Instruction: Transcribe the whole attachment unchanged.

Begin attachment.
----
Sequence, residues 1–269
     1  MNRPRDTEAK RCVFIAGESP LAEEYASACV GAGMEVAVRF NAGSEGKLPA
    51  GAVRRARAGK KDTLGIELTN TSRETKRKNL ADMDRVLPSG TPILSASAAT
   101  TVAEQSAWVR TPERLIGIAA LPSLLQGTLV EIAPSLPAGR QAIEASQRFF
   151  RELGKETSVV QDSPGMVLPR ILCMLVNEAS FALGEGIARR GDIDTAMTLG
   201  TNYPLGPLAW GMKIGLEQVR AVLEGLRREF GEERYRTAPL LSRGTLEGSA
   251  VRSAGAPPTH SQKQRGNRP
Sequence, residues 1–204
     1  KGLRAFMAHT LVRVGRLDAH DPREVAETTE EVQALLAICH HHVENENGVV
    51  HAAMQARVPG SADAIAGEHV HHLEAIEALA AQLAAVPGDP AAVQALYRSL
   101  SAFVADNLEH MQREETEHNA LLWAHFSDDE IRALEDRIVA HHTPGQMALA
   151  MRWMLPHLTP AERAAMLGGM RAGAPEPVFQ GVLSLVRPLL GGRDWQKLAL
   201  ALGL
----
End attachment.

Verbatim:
Sequence, residues 1–269
     1  MNRPRDTEAK RCVFIAGESP LAEEYASACV GAGMEVAVRF NAGSEGKLPA
    51  GAVRRARAGK KDTLGIELTN TSRETKRKNL ADMDRVLPSG TPILSASAAT
   101  TVAEQSAWVR TPERLIGIAA LPSLLQGTLV EIAPSLPAGR QAIEASQRFF
   151  RELGKETSVV QDSPGMVLPR ILCMLVNEAS FALGEGIARR GDIDTAMTLG
   201  TNYPLGPLAW GMKIGLEQVR AVLEGLRREF GEERYRTAPL LSRGTLEGSA
   251  VRSAGAPPTH SQKQRGNRP
Sequence, residues 1–204
     1  KGLRAFMAHT LVRVGRLDAH DPREVAETTE EVQALLAICH HHVENENGVV
    51  HAAMQARVPG SADAIAGEHV HHLEAIEALA AQLAAVPGDP AAVQALYRSL
   101  SAFVADNLEH MQREETEHNA LLWAHFSDDE IRALEDRIVA HHTPGQMALA
   151  MRWMLPHLTP AERAAMLGGM RAGAPEPVFQ GVLSLVRPLL GGRDWQKLAL
   201  ALGL